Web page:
|Chung, Hoyoung -|
|Kim, Jaeyoung -|
Submitted to: Genes and Genomics
Publication Type: Peer Reviewed Journal
Publication Acceptance Date: April 4, 2011
Publication Date: August 31, 2011
Citation: Chung, H., Mcclure, M.C., Kim, J. 2011. Phylogenetic analysis of the swine leukocyte antigen - 2 gene for Korean native pigs. Genes and Genomics. 33:345-351. Interpretive Summary: For the native Korean pig to be a potential alternative to the NIH miniature pigs for medical research and swine leukocyte antigen (SLA) class I studies, genetic characterization of the SLA-2 gene is needed. This study’s objectives is to investigate phylogenetic distances of the SLA-2 gene, characterize SLA-2 alleles, and provide basic genetic information for selection for Korean pigs that were domesticated on the Korean peninsula (KNP) and Jeju Island (KJP). Phylogenetic analysis of SLA-2 sequences indicates that both KNP and KJP are significantly different from most European and Western pig breeds. Additionally, the genetic variation in the SLA-2 coding regions was greater in both KNP (58 SNP identified) and KJP (60 SNP) than the NIH miniature pigs (38 SNP). Therefore KNP and KJP should be considered in future research studies.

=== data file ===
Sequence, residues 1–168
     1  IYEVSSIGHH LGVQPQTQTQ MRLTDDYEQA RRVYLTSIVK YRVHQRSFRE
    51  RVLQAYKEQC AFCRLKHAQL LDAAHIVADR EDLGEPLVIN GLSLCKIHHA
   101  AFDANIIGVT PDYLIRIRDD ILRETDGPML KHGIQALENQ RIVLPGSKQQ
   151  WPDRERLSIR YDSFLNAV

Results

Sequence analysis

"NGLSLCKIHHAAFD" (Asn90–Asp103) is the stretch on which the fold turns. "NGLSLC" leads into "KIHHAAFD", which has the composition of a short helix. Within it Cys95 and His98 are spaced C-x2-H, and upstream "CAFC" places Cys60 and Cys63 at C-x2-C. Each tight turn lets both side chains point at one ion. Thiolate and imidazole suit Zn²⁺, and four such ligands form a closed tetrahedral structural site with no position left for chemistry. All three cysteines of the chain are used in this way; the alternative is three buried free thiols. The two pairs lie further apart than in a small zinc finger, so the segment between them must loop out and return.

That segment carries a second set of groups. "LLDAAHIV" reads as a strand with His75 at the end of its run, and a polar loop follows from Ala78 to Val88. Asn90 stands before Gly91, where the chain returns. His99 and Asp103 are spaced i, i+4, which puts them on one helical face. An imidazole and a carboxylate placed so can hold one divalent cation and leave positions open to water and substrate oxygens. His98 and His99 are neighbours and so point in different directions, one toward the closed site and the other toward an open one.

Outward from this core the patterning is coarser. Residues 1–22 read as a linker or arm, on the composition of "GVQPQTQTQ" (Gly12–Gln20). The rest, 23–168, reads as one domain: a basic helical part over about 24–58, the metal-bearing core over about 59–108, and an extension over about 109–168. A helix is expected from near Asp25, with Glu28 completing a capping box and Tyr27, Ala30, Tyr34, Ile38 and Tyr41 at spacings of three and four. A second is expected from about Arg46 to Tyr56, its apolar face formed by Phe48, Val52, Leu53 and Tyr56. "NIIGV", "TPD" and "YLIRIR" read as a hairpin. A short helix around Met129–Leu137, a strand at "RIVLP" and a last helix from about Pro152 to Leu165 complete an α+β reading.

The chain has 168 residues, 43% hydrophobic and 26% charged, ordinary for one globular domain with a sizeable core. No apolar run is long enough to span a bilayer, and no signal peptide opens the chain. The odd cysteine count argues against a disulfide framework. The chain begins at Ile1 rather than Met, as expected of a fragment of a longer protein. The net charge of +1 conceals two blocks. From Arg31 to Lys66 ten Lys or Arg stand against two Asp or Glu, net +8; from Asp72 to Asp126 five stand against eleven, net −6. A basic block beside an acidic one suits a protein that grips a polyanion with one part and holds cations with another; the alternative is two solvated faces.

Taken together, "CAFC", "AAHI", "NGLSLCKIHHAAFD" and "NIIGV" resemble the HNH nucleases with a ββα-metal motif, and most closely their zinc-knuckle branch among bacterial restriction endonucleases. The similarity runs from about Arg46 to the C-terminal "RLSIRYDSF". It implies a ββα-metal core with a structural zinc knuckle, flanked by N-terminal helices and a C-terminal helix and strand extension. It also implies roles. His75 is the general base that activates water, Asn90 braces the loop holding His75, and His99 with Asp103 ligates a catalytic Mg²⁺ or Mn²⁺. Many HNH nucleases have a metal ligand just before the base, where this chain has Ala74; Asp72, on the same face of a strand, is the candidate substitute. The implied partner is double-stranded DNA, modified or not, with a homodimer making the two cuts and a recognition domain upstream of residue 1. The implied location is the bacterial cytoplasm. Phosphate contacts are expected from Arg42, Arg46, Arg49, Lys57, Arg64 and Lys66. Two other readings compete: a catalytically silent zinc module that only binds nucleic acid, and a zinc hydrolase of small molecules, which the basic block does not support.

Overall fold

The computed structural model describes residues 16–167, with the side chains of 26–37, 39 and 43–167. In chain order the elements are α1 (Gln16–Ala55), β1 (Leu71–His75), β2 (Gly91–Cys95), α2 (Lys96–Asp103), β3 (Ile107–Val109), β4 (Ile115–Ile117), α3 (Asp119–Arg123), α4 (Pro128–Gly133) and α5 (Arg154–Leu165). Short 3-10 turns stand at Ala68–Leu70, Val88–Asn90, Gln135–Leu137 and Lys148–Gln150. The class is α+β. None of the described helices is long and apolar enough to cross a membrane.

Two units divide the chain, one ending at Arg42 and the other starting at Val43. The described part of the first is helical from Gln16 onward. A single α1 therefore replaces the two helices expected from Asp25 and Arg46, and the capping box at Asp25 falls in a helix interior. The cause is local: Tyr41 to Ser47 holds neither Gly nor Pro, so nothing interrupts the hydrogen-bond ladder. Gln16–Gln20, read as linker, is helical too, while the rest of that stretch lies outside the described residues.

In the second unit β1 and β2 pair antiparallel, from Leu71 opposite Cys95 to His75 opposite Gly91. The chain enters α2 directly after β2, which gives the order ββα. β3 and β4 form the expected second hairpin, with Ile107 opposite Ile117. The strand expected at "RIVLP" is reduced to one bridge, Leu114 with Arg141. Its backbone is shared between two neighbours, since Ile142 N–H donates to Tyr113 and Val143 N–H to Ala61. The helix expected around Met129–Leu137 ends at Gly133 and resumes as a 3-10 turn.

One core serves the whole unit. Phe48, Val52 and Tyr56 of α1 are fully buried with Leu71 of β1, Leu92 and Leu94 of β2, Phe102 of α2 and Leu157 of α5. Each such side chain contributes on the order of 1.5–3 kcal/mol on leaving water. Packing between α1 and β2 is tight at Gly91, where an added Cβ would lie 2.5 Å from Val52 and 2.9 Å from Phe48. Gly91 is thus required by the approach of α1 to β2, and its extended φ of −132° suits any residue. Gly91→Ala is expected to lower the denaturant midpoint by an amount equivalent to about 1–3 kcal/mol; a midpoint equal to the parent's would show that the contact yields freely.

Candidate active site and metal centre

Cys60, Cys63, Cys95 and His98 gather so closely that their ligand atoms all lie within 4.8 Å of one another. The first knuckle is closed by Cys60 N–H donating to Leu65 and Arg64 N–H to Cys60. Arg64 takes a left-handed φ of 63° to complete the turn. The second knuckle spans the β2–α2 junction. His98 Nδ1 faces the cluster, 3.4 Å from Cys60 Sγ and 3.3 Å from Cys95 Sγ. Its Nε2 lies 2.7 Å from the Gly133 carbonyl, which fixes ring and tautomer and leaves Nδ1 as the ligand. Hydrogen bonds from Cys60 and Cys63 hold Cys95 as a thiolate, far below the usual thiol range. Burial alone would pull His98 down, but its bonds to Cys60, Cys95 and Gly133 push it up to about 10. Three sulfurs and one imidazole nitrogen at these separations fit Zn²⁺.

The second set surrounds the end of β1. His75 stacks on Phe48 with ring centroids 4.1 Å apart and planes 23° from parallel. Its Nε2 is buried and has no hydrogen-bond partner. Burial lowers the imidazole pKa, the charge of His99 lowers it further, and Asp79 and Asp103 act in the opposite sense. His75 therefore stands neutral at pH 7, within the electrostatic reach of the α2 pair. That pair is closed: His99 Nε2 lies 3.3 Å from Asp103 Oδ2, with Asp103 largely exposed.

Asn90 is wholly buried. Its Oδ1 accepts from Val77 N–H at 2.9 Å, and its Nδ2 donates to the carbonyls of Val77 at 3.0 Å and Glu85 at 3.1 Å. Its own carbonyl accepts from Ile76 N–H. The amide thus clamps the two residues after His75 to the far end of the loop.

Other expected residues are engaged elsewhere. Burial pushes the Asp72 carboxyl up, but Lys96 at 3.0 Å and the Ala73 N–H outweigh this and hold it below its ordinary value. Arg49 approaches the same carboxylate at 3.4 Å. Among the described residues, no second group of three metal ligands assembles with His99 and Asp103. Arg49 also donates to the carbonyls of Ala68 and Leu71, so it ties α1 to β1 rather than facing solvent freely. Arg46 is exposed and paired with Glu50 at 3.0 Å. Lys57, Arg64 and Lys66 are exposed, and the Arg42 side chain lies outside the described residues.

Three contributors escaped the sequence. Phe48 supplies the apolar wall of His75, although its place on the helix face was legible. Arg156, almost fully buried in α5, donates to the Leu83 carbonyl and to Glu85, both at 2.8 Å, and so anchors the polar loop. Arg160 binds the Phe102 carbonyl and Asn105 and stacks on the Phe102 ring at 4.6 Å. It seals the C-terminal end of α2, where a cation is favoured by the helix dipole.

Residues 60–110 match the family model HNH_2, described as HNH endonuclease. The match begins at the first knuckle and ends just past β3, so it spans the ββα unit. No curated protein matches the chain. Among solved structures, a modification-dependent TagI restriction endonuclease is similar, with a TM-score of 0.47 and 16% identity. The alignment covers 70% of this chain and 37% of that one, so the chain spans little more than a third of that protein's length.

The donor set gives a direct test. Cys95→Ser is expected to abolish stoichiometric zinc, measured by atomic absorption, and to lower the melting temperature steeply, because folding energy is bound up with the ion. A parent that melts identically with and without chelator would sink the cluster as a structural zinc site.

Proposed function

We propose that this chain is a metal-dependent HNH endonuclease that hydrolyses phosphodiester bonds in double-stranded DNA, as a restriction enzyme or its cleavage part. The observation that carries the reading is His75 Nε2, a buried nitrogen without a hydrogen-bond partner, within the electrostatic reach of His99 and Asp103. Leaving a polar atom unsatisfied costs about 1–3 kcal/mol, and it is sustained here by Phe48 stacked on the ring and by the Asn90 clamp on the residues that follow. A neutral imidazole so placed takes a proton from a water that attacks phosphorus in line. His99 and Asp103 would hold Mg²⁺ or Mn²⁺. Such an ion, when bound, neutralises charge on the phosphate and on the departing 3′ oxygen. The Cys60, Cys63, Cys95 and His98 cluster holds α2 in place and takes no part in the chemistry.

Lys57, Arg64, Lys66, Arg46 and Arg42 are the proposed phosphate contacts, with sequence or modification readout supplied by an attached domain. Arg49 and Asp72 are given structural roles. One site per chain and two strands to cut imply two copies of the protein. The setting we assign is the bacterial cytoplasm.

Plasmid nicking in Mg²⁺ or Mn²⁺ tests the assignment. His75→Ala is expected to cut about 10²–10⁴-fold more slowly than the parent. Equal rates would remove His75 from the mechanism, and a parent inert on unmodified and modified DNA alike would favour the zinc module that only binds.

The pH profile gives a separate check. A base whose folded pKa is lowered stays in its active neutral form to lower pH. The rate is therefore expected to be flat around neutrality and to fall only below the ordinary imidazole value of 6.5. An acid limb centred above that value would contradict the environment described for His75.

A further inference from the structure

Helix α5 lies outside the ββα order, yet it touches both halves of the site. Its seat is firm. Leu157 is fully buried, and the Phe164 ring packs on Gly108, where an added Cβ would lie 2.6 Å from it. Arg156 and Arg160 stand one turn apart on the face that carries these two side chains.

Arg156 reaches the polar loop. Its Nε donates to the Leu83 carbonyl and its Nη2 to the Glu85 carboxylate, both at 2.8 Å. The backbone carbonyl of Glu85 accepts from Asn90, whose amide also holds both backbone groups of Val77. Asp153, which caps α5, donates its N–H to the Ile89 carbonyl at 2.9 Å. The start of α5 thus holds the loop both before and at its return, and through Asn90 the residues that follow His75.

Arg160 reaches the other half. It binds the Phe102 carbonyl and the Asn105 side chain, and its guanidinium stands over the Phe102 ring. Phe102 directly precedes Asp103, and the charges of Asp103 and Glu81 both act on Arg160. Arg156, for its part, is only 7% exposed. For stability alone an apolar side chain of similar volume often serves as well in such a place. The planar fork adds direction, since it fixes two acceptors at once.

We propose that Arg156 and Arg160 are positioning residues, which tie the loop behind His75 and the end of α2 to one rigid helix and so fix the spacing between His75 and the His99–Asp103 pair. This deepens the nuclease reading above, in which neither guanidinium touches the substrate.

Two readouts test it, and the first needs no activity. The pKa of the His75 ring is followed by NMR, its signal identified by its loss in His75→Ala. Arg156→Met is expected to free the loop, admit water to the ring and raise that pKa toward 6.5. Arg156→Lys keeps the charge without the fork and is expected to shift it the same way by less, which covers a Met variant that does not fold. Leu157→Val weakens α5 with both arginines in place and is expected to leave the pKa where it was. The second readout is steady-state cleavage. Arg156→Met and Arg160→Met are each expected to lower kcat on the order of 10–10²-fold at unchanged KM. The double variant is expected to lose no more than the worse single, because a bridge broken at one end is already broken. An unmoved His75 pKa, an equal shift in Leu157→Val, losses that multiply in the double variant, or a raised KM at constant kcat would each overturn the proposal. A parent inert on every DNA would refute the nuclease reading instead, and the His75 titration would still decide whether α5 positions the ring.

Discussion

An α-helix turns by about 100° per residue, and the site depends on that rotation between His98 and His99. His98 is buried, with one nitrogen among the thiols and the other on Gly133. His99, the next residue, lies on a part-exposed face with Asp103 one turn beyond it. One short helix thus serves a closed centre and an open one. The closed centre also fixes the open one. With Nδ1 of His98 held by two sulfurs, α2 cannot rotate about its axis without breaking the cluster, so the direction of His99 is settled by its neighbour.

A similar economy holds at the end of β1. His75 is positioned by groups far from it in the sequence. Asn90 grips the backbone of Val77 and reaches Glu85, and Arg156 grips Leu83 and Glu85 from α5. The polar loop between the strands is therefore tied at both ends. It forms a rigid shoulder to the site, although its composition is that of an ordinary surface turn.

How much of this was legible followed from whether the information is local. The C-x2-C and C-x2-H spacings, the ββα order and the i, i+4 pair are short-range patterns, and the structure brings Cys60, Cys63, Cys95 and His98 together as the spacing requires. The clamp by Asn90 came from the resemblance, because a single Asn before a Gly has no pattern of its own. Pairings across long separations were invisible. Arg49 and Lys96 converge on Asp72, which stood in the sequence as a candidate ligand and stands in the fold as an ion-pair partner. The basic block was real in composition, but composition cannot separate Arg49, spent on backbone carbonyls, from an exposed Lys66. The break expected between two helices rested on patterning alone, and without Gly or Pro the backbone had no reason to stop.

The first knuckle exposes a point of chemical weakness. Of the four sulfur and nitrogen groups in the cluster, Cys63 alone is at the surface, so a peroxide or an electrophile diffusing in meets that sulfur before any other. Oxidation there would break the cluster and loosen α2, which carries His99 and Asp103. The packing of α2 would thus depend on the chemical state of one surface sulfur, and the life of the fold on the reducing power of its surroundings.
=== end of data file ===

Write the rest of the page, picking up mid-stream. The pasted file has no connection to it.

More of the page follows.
Technical Abstract: The objective of this study was to investigate genetic distances of the SLA-2 gene, to characterize SLA-2 alleles, and to provide basic genetic information of Korean pigs. The swine leukocyte antigen - 2 (SLA-2) gene in the MHC classical region was cloned with spleen tissues from Korean native pigs selected from the main land (KNP) and Jeju Island (KJP). Primer sequences based on the swine cDNA (GenBank accession numbers AF464049 and AF464005) were used to amplify the SLA-2 gene, and the amplification product being 1,520 bp in length includes both the 3’ and 5’ UTRs. A BAC clone was selected from miniature pig (MIP) and sequenced for the genomic region of the SLA-2 gene showing that 4,585 bp in total length consisted of exons (1,087 bp) and introns (3,498 bp). A total of 58 SNPs in coding regions were identified, with higher numbers of SNPs being found in KNP than other pig breeds, implicating more genetic variability in Korean pigs. Approximately 82% of the SLA-2 SNPs were located in the highly polymorphic exons 2 and 3. Newly identified sequences of the SLA-2 gene for KNP and KJP were submitted into the IPD-MHC database with new nomenclatures (SLA-2*1501, SLA-2*1601, and SLA-2*w08hy01 allele), while the representative sequences of KNP and KJP were submitted into GenBank with accession numbers (DQ992495 and DQ992501), respectively. The identified KNP allele (SLA-2*1501) clustered with previously defined alleles for Korean pigs (SLA-2*kn02 and SLA-2*jh01), but SLA-2*1601 (KNP) and SLA-2*w08hy01 (KJP) alleles in this study showed close genetic distances with SLA-2*w10 (Hanford) and SLA-2*w08 (Yucatan) alleles, respectively. According to the results, we conclude that KNP departed from KJP genetically and phenotypically, and possible uses of Korean pigs in medical research areas should be considered with reducing genetic variability in the SLA-2 gene.